Waterloo (ship)

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Waterloo Wreck00.jpg
Image by the lithographer, Charles Hutchins, after a sketch by Lieut Hext of The King's Own Regiment
Name: Waterloo
Builder: Bristol
Launched: 1815
Fate: Wrecked in Table Bay on 28 August 1842
General characteristics
Class and type: convict ship
Tons burthen: 414
Complement: 300 crew and passengers

The wreck of the Waterloo, a British convict ship, occurred on 28 August 1842, when a north-westerly gale struck Table Bay and drove ashore the Waterloo, the troopship Abercrombie Robinson and several other vessels lying at anchor nearby.


The 414-ton Waterloo was built at Bristol in 1815. She was an old ship with unsound timbers when she sailed from Sheerness on 1 June 1842 for Tasmania with three hundred crew and passengers.

The ship's surgeon, Dr Henry Kelsall, had persuaded Captain Henry Ager to put in at the Cape for fresh provisions, as many of those on board were suffering from scurvy. Consequently, the Waterloo entered Table Bay on 24 August 1842 and anchored in a position which was to prove unsafe for that time of year. The Captain went ashore and left the ship in charge of the Chief Mate Jackson.

The troop carrier Abercrombie Robinson and the convict ship Waterloo aground in Table Bay on 28 August 1842

On 26 August, a strong northerly gale sprang up, accompanied by heavy rain. The top-gallant masts snapped and landed on the deck. On 27 August, the surgeon became extremely concerned, especially when the two anchors gave way at about 11pm. He and the Second Mate lit flares to signal their desperate situation. Early on the morning of the 28th, the wind grew to hurricane strength, and the troopship Abercrombie Robinson was driven ashore. Fearing punishment, the First Mate refused to order the cutting away of the fallen masts. Dr Kelsall ordered the freeing of the prisoners from their irons. From this point on the situation rapidly deteriorated.

The Waterloo, helpless before the strong wind and high seas, was driven ashore; the masts broke and the ship heeled over on her side. Convicts leapt overboard, one of them aiding Dr Kelsall. Within two hours the ship had been reduced to fragments. In 1842, there were no lifeboats or rescue systems in place in Table Bay. Consequently, one hundred and eighty nine people died in the space of about two hours.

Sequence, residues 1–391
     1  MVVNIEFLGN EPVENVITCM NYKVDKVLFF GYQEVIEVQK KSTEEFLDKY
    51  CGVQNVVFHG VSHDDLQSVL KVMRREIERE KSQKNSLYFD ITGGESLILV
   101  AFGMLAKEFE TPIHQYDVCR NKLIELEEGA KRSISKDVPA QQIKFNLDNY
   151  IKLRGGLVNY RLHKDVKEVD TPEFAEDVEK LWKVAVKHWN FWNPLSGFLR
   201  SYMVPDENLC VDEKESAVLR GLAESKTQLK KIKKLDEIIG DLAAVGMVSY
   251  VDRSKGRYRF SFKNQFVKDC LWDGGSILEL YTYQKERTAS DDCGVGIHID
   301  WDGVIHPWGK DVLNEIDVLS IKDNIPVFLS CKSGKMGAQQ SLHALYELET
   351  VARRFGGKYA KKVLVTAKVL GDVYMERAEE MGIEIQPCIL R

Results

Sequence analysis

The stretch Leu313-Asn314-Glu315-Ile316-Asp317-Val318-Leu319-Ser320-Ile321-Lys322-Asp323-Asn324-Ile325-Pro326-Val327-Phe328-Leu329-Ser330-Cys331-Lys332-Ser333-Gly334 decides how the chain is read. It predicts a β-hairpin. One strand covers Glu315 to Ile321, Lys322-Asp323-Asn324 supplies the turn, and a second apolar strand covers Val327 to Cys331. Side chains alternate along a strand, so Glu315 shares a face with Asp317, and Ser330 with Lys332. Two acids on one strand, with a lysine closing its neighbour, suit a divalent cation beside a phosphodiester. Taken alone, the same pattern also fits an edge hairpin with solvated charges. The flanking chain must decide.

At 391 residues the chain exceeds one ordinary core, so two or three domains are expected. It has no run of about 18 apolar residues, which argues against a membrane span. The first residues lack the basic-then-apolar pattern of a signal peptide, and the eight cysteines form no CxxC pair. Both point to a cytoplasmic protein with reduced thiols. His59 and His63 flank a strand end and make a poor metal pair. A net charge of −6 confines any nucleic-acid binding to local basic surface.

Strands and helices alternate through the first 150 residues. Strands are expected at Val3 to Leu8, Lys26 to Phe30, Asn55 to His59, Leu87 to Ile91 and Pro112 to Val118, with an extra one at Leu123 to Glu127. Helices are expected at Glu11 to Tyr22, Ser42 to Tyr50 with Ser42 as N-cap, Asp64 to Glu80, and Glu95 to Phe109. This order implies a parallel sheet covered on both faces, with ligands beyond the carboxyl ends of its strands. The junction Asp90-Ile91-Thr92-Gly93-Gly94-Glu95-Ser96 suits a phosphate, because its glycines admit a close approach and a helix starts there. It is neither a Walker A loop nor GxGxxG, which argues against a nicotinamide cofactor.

There were 113 survivors - 16 men of the guard, a soldier's wife, Mrs. Mulvaney, and 76 convicts. Lieutenant Hext, who commanded the guard, was on shore at the time and made a sketch of the wrecking. Captain Ager, Master of the Waterloo, survived, as did Mr. Jackson, Chief Mate; Mr. Gunner, 2nd mate; Mr. Gill, 3rd mate; and fifteen of the crew. One hundred and eighty nine people drowned, these being 143 convicts, 15 men of the 99th Regiment, together with 17 wives and children, the boatswain Mr. Chiverton, the sailmaker, the carpenter and 11 of the crew.[1][2]


There was no coroner's court, so that the resultant inquiry was informal and superficial. Captain Ager was censured for remaining ashore, while the first mate was criticised for not clearing the fallen masts and rigging. The inquiry also noted that the ship's timbers were rotten and in an unseaworthy condition. An editorial in the South African Commercial Advertiser of 31 August 1842 criticised the British authorities and the Waterloo's captain, stating that the weather, the water and the bottom were not the reason for the tragedy. It went on to say:[this quote needs a citation]

"The Abercrombie Robinson came into the bay on the evening of the 25th, when it was dark, proceeded too far up the Bay, and came to anchor in a position unsafe for her should it come on to blow. The wind did blow a gale with squalls, and she wisely went on shore with an anchor at her bows, thereby saving some seven hundred souls, most of whom must have perished had she foundered where she rode at anchor. Had she been in a proper position she would have rode out the weather like the other vessels. Of the Waterloo it is impossible to speak with moderation. Deadly blame rests somewhere, and justice will, we have no doubt, find out the parties that deserve it."

Similar wrecks[edit]

The 751-ton Dutch East Indiaman, Waddinxveen, and the Oosterland, had on 24 May 1697 been anchored in the same place near the mouth of the Salt River and been wrecked by a strong gale blowing from the same north-west direction. There were only 6 survivors from the Waddinxveen.[3][4]


  1. ^ "Wreck of the Convict Ship Waterloo 1842". British Genealogy Forum. 5 January 2009. 
  2. ^ "Wreck of the Waterloo convict ship, Cape of Good Hope, 28th. August 1842". LINC Tasmania. Retrieved 21 April 2013. 
  3. ^ "Database – W". Shipwrecks of South Africa. Retrieved 21 April 2013. 
  4. ^ "An expencive day for the VOC". TreasureNet Forum. 24 February 2006. 

External links[edit]